The risk you take with the deferrals is very specific to your own personal market experience and tolerance.
Defer Fees on Your Terms
You can start to build your plan with $25,000 or $50,000. You can do it one time or one hundred times. You can defer one year and not the next. One partner in the firm can defer and the other can take their fee now. There really is no limitation to how you use deferral program. The options are endless.
Warren Buffet said, “The rich invest in time. The poor invest in money.” The most important thing to do is start now. Your age does not matter because every day you wait will cost you more for the same plan. The more time you have the less money you need to invest!
Investing your fees in a pre-tax and tax-deferred attorney fee deferral program is a very smart way to plan for the future. Attorney fee deferral programs are created for a variety of reasons. Based upon your specific planning needs and objectives, you can defer your contingent legal fees to accomplish any of the following:
- Cover future fixed costs of your law firm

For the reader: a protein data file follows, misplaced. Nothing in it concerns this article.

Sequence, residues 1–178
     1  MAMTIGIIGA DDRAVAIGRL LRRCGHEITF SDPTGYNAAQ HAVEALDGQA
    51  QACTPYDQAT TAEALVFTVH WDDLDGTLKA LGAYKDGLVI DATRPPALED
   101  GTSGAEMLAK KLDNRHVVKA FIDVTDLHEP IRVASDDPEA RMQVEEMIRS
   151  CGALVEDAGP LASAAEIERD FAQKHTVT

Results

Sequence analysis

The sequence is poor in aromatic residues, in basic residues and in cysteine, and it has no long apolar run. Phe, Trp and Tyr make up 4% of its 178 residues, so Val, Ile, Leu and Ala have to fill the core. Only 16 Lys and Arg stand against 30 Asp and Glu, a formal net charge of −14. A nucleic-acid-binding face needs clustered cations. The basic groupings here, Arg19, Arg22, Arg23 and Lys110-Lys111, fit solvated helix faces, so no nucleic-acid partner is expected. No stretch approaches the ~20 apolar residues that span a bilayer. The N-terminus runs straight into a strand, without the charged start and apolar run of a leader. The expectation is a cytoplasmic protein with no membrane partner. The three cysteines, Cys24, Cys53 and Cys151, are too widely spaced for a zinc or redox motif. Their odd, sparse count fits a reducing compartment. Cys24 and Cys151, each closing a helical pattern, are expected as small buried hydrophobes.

- Reduce present-day tax burdens by receiving income over time
- Create “golden handcuffs” for key firm employees
- Pay for future personal expenses (for example, college expenses for your children)
- Retirement planning needs
Most attorneys use fee deferrals for traditional retirement planning purposes. Attorneys can utilize normal retirement plans as part of their overall portfolio. They can use IRAs, Roth IRAs, 401(k)s or other traditional options available to non-lawyers. These options are usually the starting point for a retirement savings plan. However, attorneys can utilize fee deferrals to uncap the amount they can invest pre-tax each year and eliminate early withdrawal penalties associated with traditional retirement plans.
The benefits and ways to use attorney fee deferrals are many. The problem is that attorneys generally do not leverage them the way they should. In an industry that creates billions of dollars of contingent legal fees each year, a very small percentage are deferred using attorney fee deferral programs. When it comes to retirement planning, the one mistake you cannot make is doing nothing at all. You must do something!